Don't get me wrong- while I was in labor with my first baby, I LOVED my epidural! I'm not a masochist!
BUT- I am convinced that my epidural is what caused my c-section... something I would love (more than almost anything!) to have avoided!
I went into my first labor wanting to have a natural childbirth. However, many people encouraged me to "have an open mind" because "you don't know what your pain tolerance will be like!" So many of my friends' labor advice was simply "get the epidural!"
I felt manipulated to have an induction because of a misdiagnosis of low amniotic fluid levels. The first four hours of active labor on the pitocin were difficult, but bearable. I was coping fairly well with my husband providing counterpressure on my low back. "I'm doing it! I can totally do this!" I kept thinking.
Then... my water broke! Immediately, the contractions intensified and fear overwhelmed me. The contractions were long, hard, and close together. I felt like I had no relief. I reluctantly asked for an epidural. I felt like I had no choice. I couldn't breathe. I couldn't move. Pitocin-induced labor was ridiculously intense and painful.
It took 45 minutes for the epidural to get placed. The first attempt caused ringing in my ears, a metallic taste in my mouth and it caused my heart to race. It was incredibly scary. Finally... after the second attempt, I had a "good" epidural and I found relief. I couldn't feel a thing from below my breasts to my toes. I was completely numb.
Because I was less tense and was able to relax (and those pit contractions were STRONG), my cervix dilated very quickly. I went from 4cm to 10 cm in an hour. Then, I had to start pushing.
Pushing was a nightmare. I couldn't feel anything! I didn't know when I was having a contraction. I didn't know when to push. I didn't know how to push or where to push. I tried the best I could. I pushed for three hours. I felt totally out of control- the nurse kept "coaching me" to push longer and harder (I'm already giving it all I got!). I felt like I wasn't making any progress at all. It was only afterward that my husband told me that he could see the top of the baby's head for at least a good hour of pushing. I tried SO hard to not look over my shoulder at the clock. It was so disheartening after a while. All my work in vain.
Then... because of my epidural and at the suggestion of my nurse and the hospitalist midwife who managed my labor, I pushed flat on my back while pulling on a knotted bedsheet. This was awful. I had horrible heartburn and the pulling caused tremendous strain on my arms and shoulders and they HURT for days afterward.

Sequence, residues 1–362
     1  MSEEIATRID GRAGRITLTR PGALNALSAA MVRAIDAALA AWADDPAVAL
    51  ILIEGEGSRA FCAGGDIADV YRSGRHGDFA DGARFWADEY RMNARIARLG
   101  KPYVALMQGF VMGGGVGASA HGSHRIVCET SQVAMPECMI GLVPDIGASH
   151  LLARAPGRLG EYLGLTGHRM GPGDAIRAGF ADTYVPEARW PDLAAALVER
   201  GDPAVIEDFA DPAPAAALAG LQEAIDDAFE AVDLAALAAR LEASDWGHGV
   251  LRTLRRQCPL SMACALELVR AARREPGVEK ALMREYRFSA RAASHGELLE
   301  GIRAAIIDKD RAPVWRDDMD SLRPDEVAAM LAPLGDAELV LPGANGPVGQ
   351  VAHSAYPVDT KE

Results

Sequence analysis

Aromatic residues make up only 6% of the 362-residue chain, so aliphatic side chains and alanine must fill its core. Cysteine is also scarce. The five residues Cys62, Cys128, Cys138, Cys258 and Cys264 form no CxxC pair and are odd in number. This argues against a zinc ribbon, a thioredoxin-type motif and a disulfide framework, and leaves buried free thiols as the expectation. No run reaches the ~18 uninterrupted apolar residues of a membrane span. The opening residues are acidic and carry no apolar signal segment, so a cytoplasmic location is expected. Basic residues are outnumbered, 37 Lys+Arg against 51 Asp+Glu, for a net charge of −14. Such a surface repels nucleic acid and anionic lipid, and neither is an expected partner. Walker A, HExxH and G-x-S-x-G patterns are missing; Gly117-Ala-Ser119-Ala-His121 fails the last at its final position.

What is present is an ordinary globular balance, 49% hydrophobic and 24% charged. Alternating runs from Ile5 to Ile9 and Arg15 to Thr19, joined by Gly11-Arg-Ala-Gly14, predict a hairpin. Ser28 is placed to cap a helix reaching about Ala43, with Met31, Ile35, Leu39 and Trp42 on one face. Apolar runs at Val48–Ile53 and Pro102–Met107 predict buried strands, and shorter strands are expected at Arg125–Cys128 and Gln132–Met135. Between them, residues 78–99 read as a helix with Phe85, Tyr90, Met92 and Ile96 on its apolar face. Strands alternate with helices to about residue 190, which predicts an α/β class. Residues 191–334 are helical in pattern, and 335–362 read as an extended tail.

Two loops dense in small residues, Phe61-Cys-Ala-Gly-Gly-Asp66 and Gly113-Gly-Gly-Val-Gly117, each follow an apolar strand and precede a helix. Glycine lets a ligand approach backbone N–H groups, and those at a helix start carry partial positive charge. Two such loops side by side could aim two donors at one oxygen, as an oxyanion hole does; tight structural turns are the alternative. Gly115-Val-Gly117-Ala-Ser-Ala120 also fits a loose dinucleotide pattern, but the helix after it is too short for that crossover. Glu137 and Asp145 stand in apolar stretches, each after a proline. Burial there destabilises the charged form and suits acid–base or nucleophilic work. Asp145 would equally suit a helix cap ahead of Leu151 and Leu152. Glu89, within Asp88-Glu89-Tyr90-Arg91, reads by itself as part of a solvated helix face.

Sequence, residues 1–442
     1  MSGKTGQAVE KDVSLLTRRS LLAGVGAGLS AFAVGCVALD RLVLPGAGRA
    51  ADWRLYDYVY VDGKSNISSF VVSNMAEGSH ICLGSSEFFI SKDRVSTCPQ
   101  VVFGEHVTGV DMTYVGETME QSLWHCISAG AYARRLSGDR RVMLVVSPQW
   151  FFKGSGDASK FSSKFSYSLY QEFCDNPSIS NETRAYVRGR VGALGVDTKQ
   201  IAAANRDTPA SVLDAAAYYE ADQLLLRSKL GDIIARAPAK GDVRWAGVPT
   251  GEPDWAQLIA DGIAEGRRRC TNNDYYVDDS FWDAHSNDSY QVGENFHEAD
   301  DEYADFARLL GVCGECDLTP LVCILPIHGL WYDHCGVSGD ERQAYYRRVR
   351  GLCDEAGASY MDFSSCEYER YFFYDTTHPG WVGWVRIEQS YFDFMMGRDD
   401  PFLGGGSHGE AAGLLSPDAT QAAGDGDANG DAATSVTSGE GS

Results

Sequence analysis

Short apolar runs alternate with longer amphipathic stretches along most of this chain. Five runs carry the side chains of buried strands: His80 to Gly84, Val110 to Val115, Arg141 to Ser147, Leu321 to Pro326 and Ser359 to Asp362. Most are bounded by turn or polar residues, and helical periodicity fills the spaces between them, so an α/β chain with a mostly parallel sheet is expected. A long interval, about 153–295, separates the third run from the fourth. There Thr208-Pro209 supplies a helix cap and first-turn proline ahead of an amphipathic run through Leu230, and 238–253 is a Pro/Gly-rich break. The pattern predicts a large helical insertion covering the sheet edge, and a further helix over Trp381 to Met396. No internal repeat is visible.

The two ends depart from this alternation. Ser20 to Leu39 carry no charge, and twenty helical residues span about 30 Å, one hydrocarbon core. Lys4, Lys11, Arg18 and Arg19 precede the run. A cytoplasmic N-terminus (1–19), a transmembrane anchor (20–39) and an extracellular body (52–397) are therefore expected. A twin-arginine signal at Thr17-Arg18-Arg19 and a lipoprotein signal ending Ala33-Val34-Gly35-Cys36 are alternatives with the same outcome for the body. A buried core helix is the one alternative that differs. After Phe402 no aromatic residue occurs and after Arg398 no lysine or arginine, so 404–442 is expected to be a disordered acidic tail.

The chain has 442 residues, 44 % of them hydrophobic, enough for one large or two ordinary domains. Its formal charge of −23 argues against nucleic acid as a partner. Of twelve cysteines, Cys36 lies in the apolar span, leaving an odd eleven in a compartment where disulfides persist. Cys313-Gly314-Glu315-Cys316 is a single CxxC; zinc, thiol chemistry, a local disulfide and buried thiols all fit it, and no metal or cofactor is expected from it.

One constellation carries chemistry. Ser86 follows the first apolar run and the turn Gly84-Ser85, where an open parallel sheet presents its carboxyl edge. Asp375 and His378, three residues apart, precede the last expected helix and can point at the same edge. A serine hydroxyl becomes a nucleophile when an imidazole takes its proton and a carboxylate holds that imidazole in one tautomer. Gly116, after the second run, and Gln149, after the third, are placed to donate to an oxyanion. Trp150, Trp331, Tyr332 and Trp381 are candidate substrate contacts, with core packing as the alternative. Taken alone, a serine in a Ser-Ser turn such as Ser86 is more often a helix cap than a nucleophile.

Because I was flat on my back, my baby rotated and was now occiput posterior (we didn't know at the time) and that was why I was having such a difficult time pushing him out. The prolonged second stage caused fetal distress and sent me to the OR.
To this day, I still have AWFUL itching at my epidural site on my back about once a week! Do any of you have strange post-epidural symptoms?
The thing that kills me is that I knew that this could happen. Before my first labor, I read this article: Changes in fetal position during labor and their association with epidural anesthesia, by Lieberman, Davidson, Lee-Parritz, and Shearer, published in Obstetrics & Gynecology in Sept 2005. The conclusion? "Fetal position changes are common during labor, with the final fetal position established close to delivery. Our demonstration of a strong association of epidural with fetal occiput posterior position at delivery represents a mechanism that may contribute to the lower rate of spontaneous vaginal delivery consistently observed with epidural."
That's exactly what happened with me.
I also read this: "Regional analgesia for pain relief increased the likelihood of instrumental vaginal delivery" in the article "Effect of availability of a parturient-elective regional labor pain relief service on the mode of delivery" by Hwa, Chen, Chen, et al in the Journal of the Formosan Medical Association in Sept 2006.
My sister in law (I love her dearly) also had a c-section for her first birth and wants to have a VBAC. My biggest piece of practical advice? Stay away from the epidural! Labor at home as long as possible and have as natural a birth as possible!
Unfortunately... she loved her epidural with her first baby (she only labored for 45 minutes without one!) and she is one of the women that tell others "just get the epidural!"
Women love their pain relief. Well... here's a little secret. Natural labor and birth aren't that bad!!! If you have adequate coping and relaxing techniques, it's very manageable!
My next post will be about what natural childbirth actually felt like for me. I would go through a natural labor 10 times before I'd sign up for a cesarean!